Are they the same?


Confused about the difference between remarketing and retargeting?

You’re not alone!

These terms are used interchangeably these days.

But are they the same?

Technically, they are not!

Remarketing and retargeting have similar goals.

But there are also some important differences that you should understand.

Remarketing and retargeting differ in terms of strategy and who you can reach.

Remarketing and retargeting: similar, but different

Advertising executives spend a lot of time testing audiences, getting creative, and obsessing over numbers.

It can be a long process; with only a small percentage of ad clickers converting.

While you might be getting a lot of new inbound web traffic, you might not see those numbers translate into sales quickly.

And few of them turn into a sale the first time they land on your webpage.

In the age of “but we can keep everything” it can be easy to get sidetracked.

It’s easy to forget the true role of marketing:

To convince people long before they make the decision to choose your product or business over others.


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Often the best people to target are those who have visited your site more than once or have interacted with you digitally in the past.

Both retargeting and remarketing reach these customers. And they’re the ones who buy the most, rather than first-time visitors.

And it can be an extremely important strategy in your marketing efforts.


Now let’s explore remarketing and retargeting individually, so that the differences become clear to you.

What is retargeting?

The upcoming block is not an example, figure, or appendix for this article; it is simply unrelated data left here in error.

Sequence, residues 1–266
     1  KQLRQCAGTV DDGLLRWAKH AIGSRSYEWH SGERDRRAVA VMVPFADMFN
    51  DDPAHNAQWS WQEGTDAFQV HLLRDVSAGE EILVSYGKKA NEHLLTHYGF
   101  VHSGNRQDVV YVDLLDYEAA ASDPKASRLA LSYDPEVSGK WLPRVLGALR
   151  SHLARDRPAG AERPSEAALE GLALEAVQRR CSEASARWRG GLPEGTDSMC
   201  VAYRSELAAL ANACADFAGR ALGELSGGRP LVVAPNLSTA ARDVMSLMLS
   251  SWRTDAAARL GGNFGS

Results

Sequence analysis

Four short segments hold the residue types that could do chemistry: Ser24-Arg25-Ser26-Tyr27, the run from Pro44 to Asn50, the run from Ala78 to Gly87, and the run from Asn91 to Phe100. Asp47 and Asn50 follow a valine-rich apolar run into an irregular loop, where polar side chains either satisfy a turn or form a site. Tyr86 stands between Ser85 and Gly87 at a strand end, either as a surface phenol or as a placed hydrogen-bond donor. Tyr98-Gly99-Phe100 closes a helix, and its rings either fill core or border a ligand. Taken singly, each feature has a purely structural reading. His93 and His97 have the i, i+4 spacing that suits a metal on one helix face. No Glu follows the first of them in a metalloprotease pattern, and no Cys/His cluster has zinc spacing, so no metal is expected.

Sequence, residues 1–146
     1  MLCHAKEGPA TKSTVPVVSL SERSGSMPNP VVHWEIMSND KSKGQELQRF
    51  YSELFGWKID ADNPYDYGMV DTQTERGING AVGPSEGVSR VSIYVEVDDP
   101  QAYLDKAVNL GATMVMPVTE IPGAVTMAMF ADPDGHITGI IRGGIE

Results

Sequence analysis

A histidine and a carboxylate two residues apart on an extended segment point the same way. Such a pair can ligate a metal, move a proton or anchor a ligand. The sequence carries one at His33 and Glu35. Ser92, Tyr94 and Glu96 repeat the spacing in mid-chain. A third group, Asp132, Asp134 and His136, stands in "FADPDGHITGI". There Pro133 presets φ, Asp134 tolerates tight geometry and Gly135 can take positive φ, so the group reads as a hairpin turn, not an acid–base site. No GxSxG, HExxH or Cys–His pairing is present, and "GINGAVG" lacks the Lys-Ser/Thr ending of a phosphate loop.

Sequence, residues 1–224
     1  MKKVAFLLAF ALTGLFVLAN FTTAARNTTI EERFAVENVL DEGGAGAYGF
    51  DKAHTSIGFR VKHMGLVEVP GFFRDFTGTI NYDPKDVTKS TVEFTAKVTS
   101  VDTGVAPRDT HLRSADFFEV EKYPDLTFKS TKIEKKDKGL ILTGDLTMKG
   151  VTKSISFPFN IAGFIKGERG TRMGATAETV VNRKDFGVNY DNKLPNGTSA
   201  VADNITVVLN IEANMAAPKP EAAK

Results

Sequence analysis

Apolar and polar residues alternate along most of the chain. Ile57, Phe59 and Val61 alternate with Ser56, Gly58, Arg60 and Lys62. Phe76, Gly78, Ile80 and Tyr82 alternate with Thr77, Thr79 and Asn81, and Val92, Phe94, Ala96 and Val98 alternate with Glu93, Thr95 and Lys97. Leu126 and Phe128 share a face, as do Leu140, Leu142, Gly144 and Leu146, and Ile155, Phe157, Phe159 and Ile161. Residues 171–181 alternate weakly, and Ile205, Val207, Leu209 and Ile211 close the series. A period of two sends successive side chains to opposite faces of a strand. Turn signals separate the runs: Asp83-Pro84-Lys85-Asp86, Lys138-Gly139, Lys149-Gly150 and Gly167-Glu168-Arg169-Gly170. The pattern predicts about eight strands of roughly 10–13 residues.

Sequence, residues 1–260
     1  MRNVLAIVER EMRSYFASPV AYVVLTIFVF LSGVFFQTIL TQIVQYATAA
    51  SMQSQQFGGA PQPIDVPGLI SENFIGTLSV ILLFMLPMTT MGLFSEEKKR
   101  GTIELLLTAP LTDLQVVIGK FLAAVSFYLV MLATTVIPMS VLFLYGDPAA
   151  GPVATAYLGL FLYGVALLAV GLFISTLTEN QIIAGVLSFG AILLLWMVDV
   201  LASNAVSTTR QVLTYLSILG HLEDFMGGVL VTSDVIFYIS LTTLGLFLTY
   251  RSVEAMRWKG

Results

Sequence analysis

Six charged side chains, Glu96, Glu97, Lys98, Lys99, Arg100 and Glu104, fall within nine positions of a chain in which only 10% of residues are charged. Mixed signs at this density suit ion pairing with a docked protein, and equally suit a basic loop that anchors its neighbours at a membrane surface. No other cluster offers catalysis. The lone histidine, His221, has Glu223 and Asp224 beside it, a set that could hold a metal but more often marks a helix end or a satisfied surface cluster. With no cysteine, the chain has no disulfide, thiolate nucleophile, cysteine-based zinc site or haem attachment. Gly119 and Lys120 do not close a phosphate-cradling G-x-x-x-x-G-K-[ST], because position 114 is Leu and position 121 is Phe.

Retargeting can have several approaches.

Most commonly, these are online ad placement or display ad placement targeting users who have interacted with your site in a specific way without making a purchase.

Once a visitor comes to your website, clicks on a product, or takes a certain action that you want them to take, a cookie is set in their browser.

You can then use this information to “retarget” them with advertisements based on their interactions once they leave your site.

These ads are placed by third parties, such as the Google Display Network or Facebook. They allow your ads to be triggered on other sites your visitors go to.


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Ultimately, retargeting can be categorized into 2: “onsite” and “offsite” events.

Each has different strategies you can adopt depending on the type of interactions you want to target.

Let’s take a closer look.

Target “ on-site ” interactions

This is the category often associated with retargeting. This is to target people who have already visited your site.

They have already interacted with your products and services. Or they took some other action but may not have completed the sale.

Retargeting to those who have had onsite interactions can increase conversions.

They can also help retain those who have already expressed an interest in your brand.

There are many ways to retarget.

Here are some of the ways you can target people who have had on-site interactions:

  • Target based on a product they interacted with but didn’t purchase.
  • Target based on how they found your site (social media, search, or other inbound events).
  • Those on your email list who have shown interest in your brand, but have yet to convert to sales.

These settings can be configured in different platforms, such as:

  • Google Ads.
  • Google Analytics.
  • Facebook Ads.
  • And many more.

Retargeting campaigns almost always show higher engagement and conversions than campaigns without retargeting.

It comes down to the fact that it’s much easier to market and advertise to those who have shown interest in your brand or industry.

Target “off-site” interactions

Rather, retargeting was limited to behavior on the website.

This has changed as more and more users have been spending time on social media.

The delivery of product and brand information was no longer hosted in one place.

Instead, it started to spread to other areas.

This meant that interactions with the public now existed in several places that were no longer owned by the brand.